Check out the hands-on video and photo gallery below!

  • Anonymous

    “For whatever reason – Toshiba says it’s due to the 10.1-inch screen size and higher resolution – Google didn’t allow the Toshiba Folio 100 to work with official Google apps. ”

    For the sake of compatibility i guess. Android doesn’t support stuff like that and so won’t all the applications.

    • WinFan

      Looks like our Discount Retailers will land-up selling this device in bundles – maybe rushed to market too quickly !!!

  • ScottF

    I have a feeling that this is going to be the “bargain tablet”

  • Jayton

    Being an android device I’m sure the ‘droid’ community will help fix those niggles with custom roms.

  • Kevin

    Google stopping the Market from appearing on tablets, reminds me of how Palm goofed up by staying locked to Sprint for too long with the Pre.

    Some decisions are obviously stupid.

    • Kermonk

      They are not stopping the Market from appearing on tablets – they are stopping it from appearing on THIS tablet. (Perhaps Toshiba didn’t want to pay the license fee)

      • IceBeam

        They don’t have to pay a fee – they have to pass a list of requirements of their device (soft and hardware requirements)

  • http://droid-tablet.com Scott

    Affordable seems to be the trend but under powered or pre obsolite is lame. Still a exciting time

  • sunik

    when is it going to launch in india??

  • miguel santiago

    The virtual keyboard doesn’t work properly.. be aware of this.. try it before you buy it.. try to enter url and passwords.

    the overal feel of the device is very slow..

    the application market is a joke!!!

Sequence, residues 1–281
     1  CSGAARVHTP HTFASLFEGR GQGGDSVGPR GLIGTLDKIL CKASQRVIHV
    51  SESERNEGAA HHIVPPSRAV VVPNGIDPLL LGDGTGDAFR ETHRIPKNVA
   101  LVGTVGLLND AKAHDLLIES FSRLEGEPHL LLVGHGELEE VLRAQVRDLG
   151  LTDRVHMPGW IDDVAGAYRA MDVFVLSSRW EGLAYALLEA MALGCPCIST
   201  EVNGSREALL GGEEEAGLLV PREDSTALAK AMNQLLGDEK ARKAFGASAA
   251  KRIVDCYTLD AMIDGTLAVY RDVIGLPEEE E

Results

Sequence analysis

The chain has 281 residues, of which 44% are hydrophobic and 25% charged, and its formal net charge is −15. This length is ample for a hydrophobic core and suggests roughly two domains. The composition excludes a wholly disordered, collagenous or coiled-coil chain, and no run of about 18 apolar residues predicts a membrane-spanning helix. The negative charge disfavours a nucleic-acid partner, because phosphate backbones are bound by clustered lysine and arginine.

I have the device for 1 hour before a returned it..

  • IceBeam

    “Toshiba says it’s due to the 10.1-inch screen size and higher resolution – Google didn’t allow the Toshiba Folio 100 to work with official Google apps.”

    Are you 100% sure this is actual what they said? I don’t believe them in that case, I think its a lie.
    Google hasn’t done this to others, why would they do it here?
    What google is IS require certain software and hardware things of your device if you want access to Googles programs. Android is free, but googles programs are not. Google does this to try and make sure that device have a certain amount of quality.
    There are different requirements for each version of android (google “Android 2.2 Compatibility Definition” if you are *really* interested in tech stuff)

    But a 2.2 device for instance MUST have a GSP – does this device have a GPS? No? Well then it can’t be labeled as Google approved device and it can’t have the market legally (as someone said, perhaps nerds can hack it)

    Now in the specifications for Android 2.3 Google may well change how the text is defined, perhaps they say if you have a large screen you don’t need to have a GPS etc.

    They don’t even break these rules for themselves, which is why their new Google TV doesn’t have the Android Market yet – but as they promise, it will – once it gets its firmware updated.

  • WW

    viewsonic’s g tablet (10.1″, tegra 2 android 2.2) ran into the exact same thing (not google “approved”).

  • s0nDroid

    Use FolioMod and this tablet is almost perfect! Thank god for independant developers